- Model: 2016 Chevrolet Colorado 4WD Z71
- Exterior color: Silver Ice Metallic
- Interior color: Jet Black
- Engine: four-cylinder, 2.8-liter turbo diesel
- Horsepower: 181
- Transmission: six-speed automatic
- Fuel economy: 29 highway, 23 city
- Local Dealers: Walter Jackson Chevrolet (Ringgold), Integrity Chevrolet (Chattanooga), Mountain View Chevrolet (Chattanooga)
- Price (as tested): $42,205
For 2015, Chevrolet resuscitated its moribund Colorado pickups and simultaneously breathed new life into the entire midsize truck segment.
The Chevy Colorado and its fraternal twin the GMC Canyon have turbo-charged sales in the midsize segment. The Colorado alone sold more than 112,000 units last year. With truck purists, the next question was obvious. When would GM drop its fuel-efficient diesel engines into these midsize pickups to produce torque-topping, tow-happy units that would be all the trucks most folks would ever need?
Well, the wait is over, as evidenced by our tester this week, a 2016 Colorado 4WD Z71 equipped with a 2.8-liter, four-cylinder turbo-diesel engine. Chevy says about 10 percent of the Colorado fleet will be diesel-engine equipped for the 2016 model year.
After several days of driving the feisty little Colorado through Chattanooga traffic and mountaintop snow, we think GM has produced a game-changer. And with a towing capacity of 7,600 pounds, most owners will find it plenty capable of hauling the family ski boat to Chickamauga Lake or a pop-up camper to the GreatSmoky Mountains National Park.
The Duramax engine in our tester makes 181 horsepower, but more importantly, it offers 369 pound-feet of torque — the real key to off-the-mark acceleration and towing tenacity. The diesel option adds about $4,000 to the Colorado's bottom line. Our five-passenger crew-cab tester, equipped with four-wheel-drive, lists for $42,205.
Bob Lollar, sales manager of Walter Jackson Chevrolet in Ringgold, Ga., said his dealership sold its first Colorado diesel this week and he expects more inventory to hit the pipeline in coming days.
"A lot of people are asking about the Colorado diesel," he said. "When people hear about the fuel efficiency, it excites them. And it's incredibly quiet."
Our Colorado diesel is rated at up to 29 miles per gallon highway (31 mpg for two-wheel-drive models), which GM says makes it the most fuel efficient pickup sold in America today. The fact that a vehicle that weighs over 4,400 pounds can return that kind of fuel economy is remarkable.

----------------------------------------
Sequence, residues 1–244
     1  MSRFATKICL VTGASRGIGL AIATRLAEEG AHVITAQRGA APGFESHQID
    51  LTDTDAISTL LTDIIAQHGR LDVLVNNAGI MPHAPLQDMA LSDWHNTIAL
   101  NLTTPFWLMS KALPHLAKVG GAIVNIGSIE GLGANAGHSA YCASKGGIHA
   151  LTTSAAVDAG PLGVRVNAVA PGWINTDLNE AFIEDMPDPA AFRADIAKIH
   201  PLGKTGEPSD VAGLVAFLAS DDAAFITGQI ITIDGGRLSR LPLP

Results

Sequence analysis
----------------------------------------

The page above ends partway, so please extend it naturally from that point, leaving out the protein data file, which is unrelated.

STYLING AND FEATURES
Although significantly smaller than the full-size Chevy Silverado, there's nothing petite about the Colorado. The bow-tie emblem on the grille announces the Colorado as a Chevrolet, and rugged skid-plates on the front make our off-road-ready Z71 model look like it's primed to go boulder-hopping.
Exterior features include a corner-step rear bumper, easy-to-lift tailgate, 17-inch cast aluminum wheels and all-terrain tires. From a distance, the Colorado looks like a three-quarter size Silverado. Our tester has the long bed (6 feet, 2 inches), but a short bed (5 feet, 2 inches) is also available. If you're in the market for a work truck, the long bed is more lumber-friendly.
Functionally, a midsize truck's smaller overall footprint makes it a better commuter vehicle than a full-size truck, which is harder to maneuver in city traffic and more difficult to park at the mall.
Inside, the Colorado has all the creature comforts you'd expect in a modern family hauler. It has heated seats, a leather-wrapped steering wheel, an eight-inch touch screen and satellite radio. Like all modern GM products it can also be equipped with a 4g LTE WiFi (by subscription) that can turn the truck into a hot spot for all your devices.
The addition of the Apple CarPlay smartphone interface is also new for 2016. Taken together, all this interior comfort, along with an ample back seat, makes the Colorado a reasonable alternative to a sport utility vehicle for active families.
New for 2016, the Colorado diesel also includes exhaust brakes, which should help reduce brake wear on our East Tennessee mountain roads. We felt the exhaust brakes engage on a descent from Elder Mountain, and the result was a gentle engine tug that allowed us to tap the brake pedal lightly despite the steep downgrade.
The diesel engine is mated to a smooth six-speed automatic transmission. Even under hard acceleration the Colorado diesel is reasonably quiet and the ride is as refined as a family sedan.
The navigation system ($495) gave us a verbal warning about lanes narrowing on Highway 27 before we even hit the construction zone. By some Internet magic, our Colorado even flashed a dash light warning us that road icing was possible on a cold March day.
It remains to be seen whether VW's diesel engine travails will suppress sales of diesel vehicles in general, but the Colorado's exhaust system has been fully certified by the government. What's more, we're guessing there aren't a lot of customers cross-shopping VW sedans with mid-size trucks.
The Colorado's potent combination of towing capacity, fuel economy and functionality make it a compelling value. In plain words: It'll get 'er done.
Contact Mark Kennedy at firstname.lastname@example.org or 423-757-6645. Follow him on Twitter @TFPCOLUMNIST. Subscribe to his Facebook updates at www.facebook.com/mkennedycolumnist.